© Boardworks Ltd of 20 The UK is a multicultural society with many families having origins from other parts of the world such as India, China and parts of Africa and the Caribbean. Some families originated from other countries in Europe such as Poland, Italy and Portugal. Cultural foods Cheap air travel, more disposable income and more leisure time has also had an effect on the food we eat. Today, many people have a multicultural diet.
© Boardworks Ltd of 20 Dishes from around the world
© Boardworks Ltd of 20 Herbs and spices
© Boardworks Ltd of 20 Food manufacturers must produce foods that people want to buy but that also make them a profit so they do not go out of business. They must match their products to people’s financial, nutritional, ethical and cultural lifestyle needs. At the same time, however, they must match their own production and cost needs. They must also make the product look and taste good. Needs of the food manufacturer
© Boardworks Ltd of 20 Large-scale production of food entails changes to standard recipes: Production needs some ingredients might need to be changed – in the mass production of biscuits, oil can easily be transported into the mixing vats in the same way (through pipes) as flour and sugar; margarine normally needs weighing out manually and being put into the mixing vat extra ingredients might need to be added – a little oil is added in jam-making to reduce ‘foaming’; glycerine is added in cake-making to improve the moisture content additives might be added to improve a product’s shelf life, to allow the product to be transported to a retail outlet or to improve the product’s colour.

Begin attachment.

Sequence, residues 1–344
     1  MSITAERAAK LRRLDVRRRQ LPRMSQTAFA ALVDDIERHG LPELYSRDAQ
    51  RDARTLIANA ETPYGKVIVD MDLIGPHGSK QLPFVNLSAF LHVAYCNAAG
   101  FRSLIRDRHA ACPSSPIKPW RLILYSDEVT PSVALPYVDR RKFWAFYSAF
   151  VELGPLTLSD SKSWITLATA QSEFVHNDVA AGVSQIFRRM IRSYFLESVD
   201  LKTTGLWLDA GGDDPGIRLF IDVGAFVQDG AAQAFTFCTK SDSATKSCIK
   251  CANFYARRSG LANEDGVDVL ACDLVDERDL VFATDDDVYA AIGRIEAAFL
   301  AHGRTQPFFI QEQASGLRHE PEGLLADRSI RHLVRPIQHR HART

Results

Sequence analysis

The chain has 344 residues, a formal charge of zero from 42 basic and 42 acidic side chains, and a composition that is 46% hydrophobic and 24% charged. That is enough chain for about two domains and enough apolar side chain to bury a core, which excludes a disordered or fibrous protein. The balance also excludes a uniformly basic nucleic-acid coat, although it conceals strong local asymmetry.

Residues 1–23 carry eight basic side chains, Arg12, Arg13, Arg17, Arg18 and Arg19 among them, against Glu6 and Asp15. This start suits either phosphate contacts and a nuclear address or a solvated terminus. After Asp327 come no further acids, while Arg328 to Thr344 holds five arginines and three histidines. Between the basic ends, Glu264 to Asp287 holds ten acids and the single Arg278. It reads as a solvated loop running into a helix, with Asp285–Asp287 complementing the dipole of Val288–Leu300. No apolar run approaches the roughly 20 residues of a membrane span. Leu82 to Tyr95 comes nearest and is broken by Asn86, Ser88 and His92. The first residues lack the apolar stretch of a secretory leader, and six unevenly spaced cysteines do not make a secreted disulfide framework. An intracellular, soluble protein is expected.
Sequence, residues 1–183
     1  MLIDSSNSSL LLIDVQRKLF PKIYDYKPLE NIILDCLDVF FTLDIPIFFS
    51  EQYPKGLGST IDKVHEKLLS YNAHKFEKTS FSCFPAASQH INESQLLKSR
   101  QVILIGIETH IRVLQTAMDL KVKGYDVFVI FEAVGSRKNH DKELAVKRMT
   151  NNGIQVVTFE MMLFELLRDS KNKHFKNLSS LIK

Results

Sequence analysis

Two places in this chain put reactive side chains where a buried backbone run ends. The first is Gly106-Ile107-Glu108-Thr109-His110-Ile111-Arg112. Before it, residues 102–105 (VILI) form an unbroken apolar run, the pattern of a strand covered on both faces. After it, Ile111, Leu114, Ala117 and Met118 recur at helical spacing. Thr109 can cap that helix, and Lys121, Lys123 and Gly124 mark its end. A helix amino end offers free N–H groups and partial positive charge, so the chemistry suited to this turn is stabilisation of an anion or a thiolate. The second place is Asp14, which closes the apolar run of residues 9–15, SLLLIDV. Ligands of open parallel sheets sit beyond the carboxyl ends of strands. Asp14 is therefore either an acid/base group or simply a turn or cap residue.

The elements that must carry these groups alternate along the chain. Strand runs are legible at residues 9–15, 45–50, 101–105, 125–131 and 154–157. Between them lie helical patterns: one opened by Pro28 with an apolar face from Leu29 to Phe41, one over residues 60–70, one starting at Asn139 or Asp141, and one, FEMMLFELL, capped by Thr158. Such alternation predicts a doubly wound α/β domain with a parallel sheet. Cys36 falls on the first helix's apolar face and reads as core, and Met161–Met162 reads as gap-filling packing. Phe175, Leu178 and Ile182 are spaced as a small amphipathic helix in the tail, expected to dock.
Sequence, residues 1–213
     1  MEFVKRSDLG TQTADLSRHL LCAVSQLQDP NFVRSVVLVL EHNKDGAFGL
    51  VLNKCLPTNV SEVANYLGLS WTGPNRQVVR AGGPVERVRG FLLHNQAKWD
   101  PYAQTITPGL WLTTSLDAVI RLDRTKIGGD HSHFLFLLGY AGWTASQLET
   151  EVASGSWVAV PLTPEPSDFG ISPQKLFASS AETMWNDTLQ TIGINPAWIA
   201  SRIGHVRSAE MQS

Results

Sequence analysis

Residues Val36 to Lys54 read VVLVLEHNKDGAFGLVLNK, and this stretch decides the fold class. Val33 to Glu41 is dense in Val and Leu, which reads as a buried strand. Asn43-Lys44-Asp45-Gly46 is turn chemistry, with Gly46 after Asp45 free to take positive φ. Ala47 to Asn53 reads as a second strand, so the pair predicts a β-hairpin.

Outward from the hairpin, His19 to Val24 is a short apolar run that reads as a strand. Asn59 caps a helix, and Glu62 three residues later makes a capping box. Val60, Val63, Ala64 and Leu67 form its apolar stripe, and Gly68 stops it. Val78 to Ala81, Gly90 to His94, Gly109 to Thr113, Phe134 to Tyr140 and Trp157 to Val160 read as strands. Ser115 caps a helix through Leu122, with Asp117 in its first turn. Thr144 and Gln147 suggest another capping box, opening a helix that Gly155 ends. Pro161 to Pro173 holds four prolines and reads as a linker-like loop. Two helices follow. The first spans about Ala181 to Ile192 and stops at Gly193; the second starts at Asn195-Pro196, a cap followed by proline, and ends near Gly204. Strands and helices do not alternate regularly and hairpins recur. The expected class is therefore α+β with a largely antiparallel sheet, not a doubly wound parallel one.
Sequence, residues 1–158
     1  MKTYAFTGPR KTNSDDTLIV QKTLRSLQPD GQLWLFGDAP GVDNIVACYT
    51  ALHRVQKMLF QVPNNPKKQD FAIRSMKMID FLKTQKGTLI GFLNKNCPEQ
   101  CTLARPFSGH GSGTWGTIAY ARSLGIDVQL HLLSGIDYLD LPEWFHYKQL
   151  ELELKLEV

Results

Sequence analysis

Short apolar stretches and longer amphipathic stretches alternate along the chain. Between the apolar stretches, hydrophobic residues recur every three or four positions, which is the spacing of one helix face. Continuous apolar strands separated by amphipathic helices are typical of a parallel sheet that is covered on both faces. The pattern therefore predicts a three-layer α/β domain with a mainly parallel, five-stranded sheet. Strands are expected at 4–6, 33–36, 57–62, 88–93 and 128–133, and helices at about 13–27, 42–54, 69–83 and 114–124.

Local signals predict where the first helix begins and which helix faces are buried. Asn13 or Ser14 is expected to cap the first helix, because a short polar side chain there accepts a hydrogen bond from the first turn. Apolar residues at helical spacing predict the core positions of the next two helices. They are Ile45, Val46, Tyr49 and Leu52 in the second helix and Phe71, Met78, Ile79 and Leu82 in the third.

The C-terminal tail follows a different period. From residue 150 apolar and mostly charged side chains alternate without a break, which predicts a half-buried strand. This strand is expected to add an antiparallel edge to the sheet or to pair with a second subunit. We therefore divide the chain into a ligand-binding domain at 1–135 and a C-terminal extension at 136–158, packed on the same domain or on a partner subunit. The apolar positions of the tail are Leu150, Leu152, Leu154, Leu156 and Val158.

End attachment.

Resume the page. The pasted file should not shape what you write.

© Boardworks Ltd of 20 Food manufacturers must be careful with the cost of ingredients, especially expensive ingredients. Cost needs They can experiment with the proportions of ingredients – for example, how much tuna is needed in a tuna fish pie and how much of a cheaper white fish can be used. They must consider the use of bulk ingredients (inexpensive ingredients that increase the volume or bulk of a final product) – water is added to some products; textured vegetable protein (TVP) is cheaper than meat and can be used with meat to reduce cost (for example, in a cottage pie); breadcrumbs or rusk are used in sausages, burgers, stuffing and puddings; potatoes and other starchy foods such as rice and pulses are used in dishes such as soup, pasties and casseroles.
© Boardworks Ltd of 20 Key points © Boardworks Ltd of 20 There are a range of considerations which people might take into account when they are buying food products – these considerations are based on financial, nutritional, lifestyle, social, moral and ethical needs. Some people care about the provenance of their food. Historical and cultural factors may also influence people in their choice of food products. Food manufacturers need to consider all the different needs of consumers and also their own needs.